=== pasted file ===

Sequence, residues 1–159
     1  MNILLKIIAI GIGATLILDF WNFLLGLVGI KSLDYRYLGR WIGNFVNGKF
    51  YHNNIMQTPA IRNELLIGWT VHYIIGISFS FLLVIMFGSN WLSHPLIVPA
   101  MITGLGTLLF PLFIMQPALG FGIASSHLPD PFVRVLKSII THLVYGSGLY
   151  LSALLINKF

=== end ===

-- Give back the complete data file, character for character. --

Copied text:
Sequence, residues 1–159
     1  MNILLKIIAI GIGATLILDF WNFLLGLVGI KSLDYRYLGR WIGNFVNGKF
    51  YHNNIMQTPA IRNELLIGWT VHYIIGISFS FLLVIMFGSN WLSHPLIVPA
   101  MITGLGTLLF PLFIMQPALG FGIASSHLPD PFVRVLKSII THLVYGSGLY
   151  LSALLINKF